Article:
Whoever wins in November will face decisions about a deadlock between Democrats and Republicans on how to deal with a 2012 Washington Supreme Court mandate — the so-called McCleary ruling — to improve the student-teacher ratios in grades K-3 and take some additional measures to help public schools. The GOP has generally been against increasing taxes and closing tax breaks to tackle those requirements, while the Democrats in Olympia have supported those tax-related measures. The Supreme Court recently said if the Legislature does not map out adequate funding for the McCleary obligations in the 2015 session, the court will take major action, which might include nullifying all or part of the 2015-2017 budget until the obligations are met. Or the court might nullify all 650-plus Washington tax breaks until adequate McCleary funding is nailed down, with the Legislature then allowed to reinstall as many tax exemptions as it wants.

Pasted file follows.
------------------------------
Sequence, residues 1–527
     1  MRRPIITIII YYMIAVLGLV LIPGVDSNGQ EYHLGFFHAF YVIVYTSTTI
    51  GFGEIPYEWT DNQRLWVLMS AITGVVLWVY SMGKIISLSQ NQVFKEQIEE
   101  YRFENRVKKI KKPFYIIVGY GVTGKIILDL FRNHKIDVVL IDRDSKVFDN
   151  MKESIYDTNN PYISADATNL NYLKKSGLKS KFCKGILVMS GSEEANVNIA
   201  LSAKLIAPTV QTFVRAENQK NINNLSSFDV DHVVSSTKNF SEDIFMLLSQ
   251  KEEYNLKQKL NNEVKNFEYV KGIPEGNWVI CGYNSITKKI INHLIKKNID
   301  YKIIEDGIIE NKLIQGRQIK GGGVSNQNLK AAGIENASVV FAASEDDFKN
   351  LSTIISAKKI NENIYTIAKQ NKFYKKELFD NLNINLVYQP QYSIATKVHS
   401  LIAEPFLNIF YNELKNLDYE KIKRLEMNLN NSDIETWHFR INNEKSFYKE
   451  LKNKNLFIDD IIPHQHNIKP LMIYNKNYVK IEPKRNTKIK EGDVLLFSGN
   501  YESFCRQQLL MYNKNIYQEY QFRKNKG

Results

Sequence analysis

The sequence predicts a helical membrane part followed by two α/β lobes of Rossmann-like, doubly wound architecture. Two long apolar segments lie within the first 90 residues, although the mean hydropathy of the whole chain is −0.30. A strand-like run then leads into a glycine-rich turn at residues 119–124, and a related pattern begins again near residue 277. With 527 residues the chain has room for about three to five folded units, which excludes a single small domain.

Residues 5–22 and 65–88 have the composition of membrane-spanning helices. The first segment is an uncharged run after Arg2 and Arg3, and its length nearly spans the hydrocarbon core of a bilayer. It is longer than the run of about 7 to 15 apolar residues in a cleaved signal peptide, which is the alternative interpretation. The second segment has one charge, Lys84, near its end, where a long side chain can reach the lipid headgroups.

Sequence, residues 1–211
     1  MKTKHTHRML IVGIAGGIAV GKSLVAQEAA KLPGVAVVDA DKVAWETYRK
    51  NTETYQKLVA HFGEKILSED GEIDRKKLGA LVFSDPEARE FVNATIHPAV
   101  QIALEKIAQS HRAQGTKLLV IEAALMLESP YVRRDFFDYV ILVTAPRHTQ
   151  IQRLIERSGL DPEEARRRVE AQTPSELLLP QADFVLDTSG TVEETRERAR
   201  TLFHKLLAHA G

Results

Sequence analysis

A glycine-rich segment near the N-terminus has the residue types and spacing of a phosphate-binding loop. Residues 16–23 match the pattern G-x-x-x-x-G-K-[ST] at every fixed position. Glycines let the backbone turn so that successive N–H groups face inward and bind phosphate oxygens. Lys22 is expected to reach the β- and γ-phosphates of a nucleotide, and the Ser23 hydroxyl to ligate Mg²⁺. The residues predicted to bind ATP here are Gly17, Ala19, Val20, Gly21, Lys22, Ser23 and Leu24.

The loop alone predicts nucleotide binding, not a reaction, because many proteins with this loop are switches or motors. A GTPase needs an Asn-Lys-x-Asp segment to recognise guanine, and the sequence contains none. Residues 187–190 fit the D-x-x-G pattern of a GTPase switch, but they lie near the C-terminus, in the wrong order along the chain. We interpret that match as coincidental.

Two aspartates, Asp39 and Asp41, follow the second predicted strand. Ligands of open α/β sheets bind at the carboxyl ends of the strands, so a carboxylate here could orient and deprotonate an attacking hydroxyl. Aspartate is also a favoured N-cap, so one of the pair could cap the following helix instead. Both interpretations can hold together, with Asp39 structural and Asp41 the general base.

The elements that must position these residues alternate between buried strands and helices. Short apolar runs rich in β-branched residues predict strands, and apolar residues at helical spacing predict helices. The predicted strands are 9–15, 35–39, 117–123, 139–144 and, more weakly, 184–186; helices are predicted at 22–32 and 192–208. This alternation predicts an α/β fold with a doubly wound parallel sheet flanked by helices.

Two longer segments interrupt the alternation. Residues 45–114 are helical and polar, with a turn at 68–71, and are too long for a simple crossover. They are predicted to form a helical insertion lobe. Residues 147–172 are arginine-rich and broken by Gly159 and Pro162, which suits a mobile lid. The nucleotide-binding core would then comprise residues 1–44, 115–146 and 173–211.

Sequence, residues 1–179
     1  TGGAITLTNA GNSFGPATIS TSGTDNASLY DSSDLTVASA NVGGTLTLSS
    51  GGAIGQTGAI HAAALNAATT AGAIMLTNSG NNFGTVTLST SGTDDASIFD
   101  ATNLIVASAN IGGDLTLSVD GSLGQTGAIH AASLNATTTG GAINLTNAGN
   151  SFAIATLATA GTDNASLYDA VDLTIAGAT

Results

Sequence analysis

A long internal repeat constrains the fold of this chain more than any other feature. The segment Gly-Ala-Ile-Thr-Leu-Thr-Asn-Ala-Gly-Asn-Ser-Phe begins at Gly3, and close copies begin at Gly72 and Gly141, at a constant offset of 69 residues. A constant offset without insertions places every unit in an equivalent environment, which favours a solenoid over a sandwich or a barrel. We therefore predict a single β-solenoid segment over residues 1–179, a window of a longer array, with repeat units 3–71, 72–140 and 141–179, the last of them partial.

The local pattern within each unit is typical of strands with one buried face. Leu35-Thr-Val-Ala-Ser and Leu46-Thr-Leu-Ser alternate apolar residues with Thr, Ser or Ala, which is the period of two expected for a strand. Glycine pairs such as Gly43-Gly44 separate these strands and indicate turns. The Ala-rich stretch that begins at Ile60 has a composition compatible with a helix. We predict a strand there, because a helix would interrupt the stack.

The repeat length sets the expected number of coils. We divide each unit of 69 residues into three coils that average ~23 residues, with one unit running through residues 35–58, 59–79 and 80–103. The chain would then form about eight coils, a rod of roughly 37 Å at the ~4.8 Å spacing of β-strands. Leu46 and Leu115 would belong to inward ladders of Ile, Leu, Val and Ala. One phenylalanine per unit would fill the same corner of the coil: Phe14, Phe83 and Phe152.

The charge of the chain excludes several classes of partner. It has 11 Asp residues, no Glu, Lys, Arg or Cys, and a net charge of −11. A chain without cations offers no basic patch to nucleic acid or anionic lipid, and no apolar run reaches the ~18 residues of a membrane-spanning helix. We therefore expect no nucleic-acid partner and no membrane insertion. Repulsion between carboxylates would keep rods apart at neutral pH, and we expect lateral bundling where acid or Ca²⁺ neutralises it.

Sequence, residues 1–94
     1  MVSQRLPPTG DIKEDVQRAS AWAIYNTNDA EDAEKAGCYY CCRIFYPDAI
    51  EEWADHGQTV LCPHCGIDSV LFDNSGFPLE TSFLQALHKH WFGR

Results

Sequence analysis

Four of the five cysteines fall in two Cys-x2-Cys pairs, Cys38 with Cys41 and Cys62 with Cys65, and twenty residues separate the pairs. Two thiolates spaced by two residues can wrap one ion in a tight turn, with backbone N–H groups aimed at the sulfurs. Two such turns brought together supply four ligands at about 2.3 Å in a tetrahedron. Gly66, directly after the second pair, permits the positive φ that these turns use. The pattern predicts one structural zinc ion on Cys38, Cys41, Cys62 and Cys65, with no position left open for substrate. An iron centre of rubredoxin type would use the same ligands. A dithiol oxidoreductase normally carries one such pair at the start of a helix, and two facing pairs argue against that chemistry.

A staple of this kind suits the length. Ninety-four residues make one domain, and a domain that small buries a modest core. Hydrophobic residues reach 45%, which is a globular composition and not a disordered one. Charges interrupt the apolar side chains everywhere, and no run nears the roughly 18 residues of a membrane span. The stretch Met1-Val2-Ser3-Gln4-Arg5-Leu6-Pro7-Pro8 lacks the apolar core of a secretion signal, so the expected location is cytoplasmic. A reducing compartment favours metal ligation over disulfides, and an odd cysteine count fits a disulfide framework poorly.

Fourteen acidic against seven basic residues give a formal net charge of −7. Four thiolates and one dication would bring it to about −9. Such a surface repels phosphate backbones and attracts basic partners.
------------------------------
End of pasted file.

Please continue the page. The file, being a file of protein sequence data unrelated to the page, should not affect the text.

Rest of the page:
Arbogast supports the Supreme Court's stance. And she disagrees with the GOP approach, which would require social services to be cut sharply to comply with the court's ruling. "It's difficult to educate a child who is hungry, who is having difficulty finding some place to sleep. Kids can't learn when they're hurting, when basic needs are not met," she said. She believes closing tax breaks should be looked at, but is undecided on which should be addressed.

Angel supports a Hill proposal to allocate two-thirds of the state's future revenue growth to education. No financial analysis has yet been done yet on Hill’s proposal to produce specific figures on how much would go to education. She said she is willing to listen to any tax break closure or tax hike proposal as a potential McCleary fix.

The 2015 legislative session also faces a long-term standoff over a multi-billion-dollar transportation package. In May 2013, the House and Senate Democrats announced their $10.5 billion proposal to build and fix highways, bridges and ferries with a 10.5-cents-per-gallon gas tax increase. The House quickly passed it. The current state gas tax is 37.5 cents a gallon. Meanwhile, the majority coalition waited until November 2013 to unveil a $12.3 billion 10-year counter-proposal with an 11.5-cent-per-gallon gas tax increase. The coalition package completes some work that the Democratic proposal does not.